The lawyer coughed discreetly. "Good sir, you have overlooked the matter of my fee."

"What fee?"

"Why, the fee for my professional services."

"Nonsense!" spoke the mage. "I merely asked you for some advice. No mention was made of any fee!"

"But my good sir," said the lawyer, smiling like a pool of oil, "have you forgotten so soon my exposition of the Honorable Judge Greased Hand's enunciation of the principle that ignorance of—"

"Are you a subsidiary of the Consortium?" interrupted Shelyid.

"Why, no," responded Mustelid, nonplussed both by the query and its source.

"Well, then," said Shelyid, "I don't see how you could collect anyway because didn't the Sheriff himself say he didn't care about anybody's problems except the Consortium? Didn't he, master? Didn't he?"

"Why yes," mused Zulkeh, "so he did." Then, to the lawyer: "Odd as it may seem, good sir, my stupid but loyal apprentice has for once stumbled upon a truth. I fear you must forget any receipt of payments for your services, if such they may be called."

The lawyer quivered in indignation, his long whiskers and pointed nose thrusting and twitching about.

"But it's your moral obligation!"

"Bah!" oathed Zulkeh. "What boots this sudden philosophical cowardice? Was it not you yourself who so recently demolished the arguments of that foolish stripling, demonstrating with sureness and clarity that no modern society worthy of the name can tolerate the intrusion of haphazard ethical gestures into the workings of its commercial order?" He shook his head sadly. "Fie upon this apostasy! Again, sir, I bid you good day!" And so speaking, the mage strode out of the room.

But Shelyid hung back, and timidly approached the vibrating chord of outrage that was the lawyer. "Maybe," he ventured, "you should get a job working for the Consortium. I'm sure they must hire a lot—a really, really lot—of lawyers," he piped cheerfully. "And sure, probably they wouldn't let you hang out in saloons, and you'd probably have to work in a big room somewhere filled with thousands of other lawyers, hunched over a desk, and sure, probably they'd make you work a lot of hours and you'd get all stooped over and such, but your posture's lousy anyway and besides, you probably wouldn't have time to worry about your health anyway because you'd be worrying all the time about getting fired, and all. But at least you wouldn't—"

He got no further, for Mustelid squeaked in fury and lunged from his chair, aiming a blow at the dwarf.

Shelyid ducked. "I was only trying to help," he whined, and scurried from the room.

Outside the hotel, he espied his master's figure striding toward the travel depot, and hastened to catch up. Once they arrived, Zulkeh thrust his pile of misshapen ingots at the ticket vendor. "Here is the gold to pay the fine you have levied upon me."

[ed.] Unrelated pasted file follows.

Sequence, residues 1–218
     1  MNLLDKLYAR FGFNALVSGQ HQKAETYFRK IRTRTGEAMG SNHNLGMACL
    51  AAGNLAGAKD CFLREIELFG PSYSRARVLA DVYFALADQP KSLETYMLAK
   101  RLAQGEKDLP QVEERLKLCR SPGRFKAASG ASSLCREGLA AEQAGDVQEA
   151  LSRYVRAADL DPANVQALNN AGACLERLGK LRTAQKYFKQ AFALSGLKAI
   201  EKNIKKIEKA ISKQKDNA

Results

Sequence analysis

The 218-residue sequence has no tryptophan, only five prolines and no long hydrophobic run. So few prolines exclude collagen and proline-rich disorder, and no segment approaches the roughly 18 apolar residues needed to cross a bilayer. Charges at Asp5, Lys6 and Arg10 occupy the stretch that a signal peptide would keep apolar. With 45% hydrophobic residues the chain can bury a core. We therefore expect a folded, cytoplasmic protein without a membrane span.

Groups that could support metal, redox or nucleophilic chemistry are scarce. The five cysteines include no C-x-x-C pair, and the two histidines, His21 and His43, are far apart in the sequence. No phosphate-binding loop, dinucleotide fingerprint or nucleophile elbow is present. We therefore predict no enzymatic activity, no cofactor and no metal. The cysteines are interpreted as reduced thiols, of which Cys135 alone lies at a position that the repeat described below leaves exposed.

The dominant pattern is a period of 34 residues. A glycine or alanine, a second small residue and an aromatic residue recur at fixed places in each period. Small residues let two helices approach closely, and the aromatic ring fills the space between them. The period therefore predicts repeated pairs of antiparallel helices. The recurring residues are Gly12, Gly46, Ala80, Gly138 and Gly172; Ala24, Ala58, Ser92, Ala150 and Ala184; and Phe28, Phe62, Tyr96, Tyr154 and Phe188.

The ticket vendor glanced coldly at the pile of ungeometric gold bars.

"I regret to inform you, sir," stated the ticket vendor in a voice devoid of inflection or discernible tone, "that this is unacceptable. The GGNESWC& etc. can only accept payment in the recognized legal tender of the region, which, in this instance, is the Consortium Ducat."

"I see. And where may I acquire such specie?"

"You may exchange your gold for ducats at the Caravanserai Moneylenders Association, located two doors down the street."

Arriving at the specified location but a few moments later, Zulkeh and Shelyid passed through a door over which was suspended the traditional and time-honored emblem of the moneylender, an iron fist squeezing blood from a stone. Within, the wizard approached the teller's window and laid his eccentric bullion upon the counter.

"I should like to exchange these for Consortium Ducats."

"Certainly, sir," said the teller, flicking the idiosyncratic nuggets onto a scale with a splayed and callused thumb. "That comes to twenty-four hundred ducats." He laid six stacks of coins upon the counter. But just as Zulkeh reached out to pick up the coins, the tellers removed one of the stacks.

"What do you do there?" demanded the mage. "That is my money!"

"You are grotesquely in error," replied the cashier. "There is a sixteen point six seven percent service charge for processing gold which is not tendered in the form of the officially established Consortium Ingot."

Zulkeh opened his mouth to protest, reconsidered, and stormed out.

* * *

Later that night, as our heroes retired to their pallets, the dwarf Shelyid was heard to grumble, "I'll be glad to get out of this place, master."

"Well spoken, gnome. And now to sleep."